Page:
TAKE MY CAMEL, PLEASE
A Travel Writing Workshop
MIIS, April 24, 2014
Susan Spano and Evelyn Helminen
“Take my camel,
dear, said my aunt
Dot, as she
from this animal
on her return from
I. Travel Writing Samples:
Read and Discuss
II. Components of a Travel
III. How to Place a Travel Article
IV. Electronic Travel
Coda: Got an idea? Want to bat it
Questions to Discuss
• Where/when does the passage take place (if not explicitly
• Who is the writer? Why is he/she there?
• What writerly effects are used to take you from the page to a
• Do you notice any striking turns of phrase, descriptions,
• In a few words, what is the piece about (besides the place
where it’s set)?
Robert Louis Stevenson
Travels with a Donkey in the Cévennes (1879)
“Goodbye to All That”
Slouching Toward Bethlehem (1961)
Components of a Travel Story
• The Idea
• The Lede
• Location, Location, Location
• Heavy Lifting
• People and Quotes
• Action and Events
• Underlying Issues
• The Kicker
1. The Idea
• Travel publications keep serving up the usual
• Look for something fresh
• Or a new twist on someplace of perennial
• Where do good travel ideas come from?
Reading, movies, travel talk and travel...
2. The Lede
Usually one short graf that sums up what the
story is about or simply serves as a hook.
“I was seized by the idea of this book while
sitting on a rotten little beach at the western tip
of Crete, flanked by a waterlogged shoe and a
rusty potty. I had the depressed feeling that I
spent my life doing this sort of thing and might
as well end my days here. This is the traveler’s
deep dark night of the soul and can happen
anywhere at any hour.”
- from Travels with Myself and Another, by Martha Gellhorn (1978)
3. Location, Location, Location
Early on, locate your story geographically.
Travelers hate to feel lost.
“The Uffington Horse, as it’s called, inspired
other turf artists in more recent times. Taking up
shovels and spades, they made their marks on
hillsides in Wiltshire, a county about 50 miles
west of London, where the downs roll on until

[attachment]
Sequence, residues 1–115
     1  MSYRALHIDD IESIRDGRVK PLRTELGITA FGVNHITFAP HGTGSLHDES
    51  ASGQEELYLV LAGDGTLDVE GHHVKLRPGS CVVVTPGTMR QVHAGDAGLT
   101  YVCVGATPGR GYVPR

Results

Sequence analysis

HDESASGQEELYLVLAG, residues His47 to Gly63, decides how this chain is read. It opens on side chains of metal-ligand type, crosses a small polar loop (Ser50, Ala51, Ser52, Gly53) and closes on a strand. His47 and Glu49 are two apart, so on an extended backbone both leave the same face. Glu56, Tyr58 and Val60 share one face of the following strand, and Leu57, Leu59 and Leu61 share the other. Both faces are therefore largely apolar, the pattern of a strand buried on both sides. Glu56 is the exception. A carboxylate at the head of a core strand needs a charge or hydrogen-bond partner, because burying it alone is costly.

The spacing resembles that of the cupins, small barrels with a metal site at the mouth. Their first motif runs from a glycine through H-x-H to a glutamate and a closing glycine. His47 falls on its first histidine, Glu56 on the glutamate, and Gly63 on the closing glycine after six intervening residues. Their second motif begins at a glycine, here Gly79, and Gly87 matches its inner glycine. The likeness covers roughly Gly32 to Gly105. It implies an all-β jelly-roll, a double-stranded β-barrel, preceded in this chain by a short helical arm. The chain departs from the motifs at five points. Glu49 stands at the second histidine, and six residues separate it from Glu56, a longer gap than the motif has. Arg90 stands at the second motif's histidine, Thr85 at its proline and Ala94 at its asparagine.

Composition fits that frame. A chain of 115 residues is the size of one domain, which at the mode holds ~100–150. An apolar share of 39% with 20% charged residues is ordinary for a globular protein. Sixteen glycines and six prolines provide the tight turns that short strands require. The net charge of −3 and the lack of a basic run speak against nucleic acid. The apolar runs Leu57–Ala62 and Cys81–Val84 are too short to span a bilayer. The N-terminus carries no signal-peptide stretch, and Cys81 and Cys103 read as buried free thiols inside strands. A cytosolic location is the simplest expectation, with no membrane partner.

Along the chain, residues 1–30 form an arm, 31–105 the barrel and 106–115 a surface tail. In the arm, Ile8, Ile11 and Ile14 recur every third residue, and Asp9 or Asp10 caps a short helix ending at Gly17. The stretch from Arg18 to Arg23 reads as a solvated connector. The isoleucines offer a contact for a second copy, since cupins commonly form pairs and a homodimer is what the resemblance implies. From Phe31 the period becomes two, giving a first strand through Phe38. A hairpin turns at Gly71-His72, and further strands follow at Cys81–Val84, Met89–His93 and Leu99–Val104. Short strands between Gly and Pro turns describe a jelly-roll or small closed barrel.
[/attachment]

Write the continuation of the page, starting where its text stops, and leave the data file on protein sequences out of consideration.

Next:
they descend toward Salisbury Plain.”
- From The White Horses of Wiltshire by Susan Spano (1988):
4. Heavy Lifting
• Other cultural
facets of a place
5. People and Quotes
• Humanize a story and bring it to life
• Include memorable lines in your notes
• Describe people with a few brushstrokes, then use
what they said or did, how they received you as a
Sample People and Quotes
The beery-smelling old Irishman I met at a Laundromat during a rainy bike trip in
County Clare, Ireland.
“Ireland’s a grand country,” he said. “Rain is the
only fault in it.”
6. Action and Events
• Keep readers reading and provide transitions from
one section to another.
Sample Action and Events
• Once I found a scorpion
in my bedspread at a
funky little inn on the
southwest coast of
Mexico. The man who
showed me to my room
beheaded it with the
key, then saved the
body (as an
7. Underlying Issues
• The richest, most memorable travel stories do more
than simply describe places.
• They consider important underlying issues in ways
that are more human and compelling than general
non-fiction or news stories.
• Look for such issues as you do your research; then
weave them into the story.
Sample Underlying Issues
A great example of this is
Incident in Naples, by
Francis Steegmuller (from
Ancient Shore), as much
about human compassion
as about Napoli.